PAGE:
Bad news if you still need to buy a PS5: Sony tell analysts console shortage will continue into 2022

PlayStation 5

Shortages of PlayStation 5 consoles are likely to continue into next year, Sony has reportedly told analysts.

PlayStation CFO Hiroki Totoki spoke at an analyst briefing last week, as reported by Bloomberg.

“I don’t think demand is calming down this year and even if we secure a lot more devices and produce many more units of the PlayStation 5 next year, our supply wouldn’t be able to catch up with demand,” he said.

At a previous investor call, he made similar comments:

“As I said earlier, we’re aiming for more sales volume than the PS4 [during year 2]. But can we drastically increase the supply? No, that’s not likely.

“The shortage of semiconductors is one factor, but there are other factors that will impact on the production volume. So, at present, we’d like to aim at [beating] second year sales of 14.8 million, which was the second year of PS4.”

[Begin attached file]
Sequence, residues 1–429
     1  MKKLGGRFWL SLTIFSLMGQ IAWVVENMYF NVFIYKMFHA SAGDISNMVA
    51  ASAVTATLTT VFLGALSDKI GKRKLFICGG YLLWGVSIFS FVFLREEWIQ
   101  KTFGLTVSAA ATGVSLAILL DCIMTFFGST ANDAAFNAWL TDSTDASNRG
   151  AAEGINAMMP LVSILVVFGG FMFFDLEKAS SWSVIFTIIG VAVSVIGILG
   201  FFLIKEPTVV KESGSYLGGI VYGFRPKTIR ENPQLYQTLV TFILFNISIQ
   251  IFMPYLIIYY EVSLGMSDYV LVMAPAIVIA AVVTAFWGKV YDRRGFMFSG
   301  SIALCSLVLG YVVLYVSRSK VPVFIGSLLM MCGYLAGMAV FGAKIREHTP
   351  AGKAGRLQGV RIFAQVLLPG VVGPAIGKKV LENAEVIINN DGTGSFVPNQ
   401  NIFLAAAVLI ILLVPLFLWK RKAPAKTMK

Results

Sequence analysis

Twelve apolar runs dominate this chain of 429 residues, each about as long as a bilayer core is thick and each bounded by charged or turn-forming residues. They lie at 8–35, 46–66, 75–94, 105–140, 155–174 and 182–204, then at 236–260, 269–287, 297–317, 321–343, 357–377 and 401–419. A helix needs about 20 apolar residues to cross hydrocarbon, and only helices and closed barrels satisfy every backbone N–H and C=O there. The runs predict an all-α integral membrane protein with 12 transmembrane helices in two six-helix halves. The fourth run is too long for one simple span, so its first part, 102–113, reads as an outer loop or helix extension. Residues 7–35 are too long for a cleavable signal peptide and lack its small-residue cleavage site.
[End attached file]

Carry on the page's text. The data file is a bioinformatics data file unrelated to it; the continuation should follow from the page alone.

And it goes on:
Recently, Taiwanese business website DigiTimes reported that Sony will start production on a PS5 redesign in 2022.

The redesign would include a new semi-customised 6nm CPU from AMD, in an effort against semiconductor shortages.

It’s unclear if this redesign would include external, or just internal components.

Sony’s latest sales figures show that the PlayStation 5 has sold 7.8 million units so far, surpassing sales of the PS4 in its equivalent launch period.

That’s despite the near-constant stock shortages and very high demand.

The PS4 is currently the fourth best selling console of all time, but if the PlayStation 5 continues at this pace it could outsell Sony’s previous console.

Sony aren’t alone though. In their own third quarter earnings call, Microsoft noted that supply shortages are affecting production of their Xbox Series X/S consoles.

“Significant demand for the Xbox Series X and S will continue to be constrained by supply,” said chief financial officer Amy Hood.

Similarly, Nintendo president Shuntaro Furukawa has said the global shortage of semiconductors is hampering Switch production.

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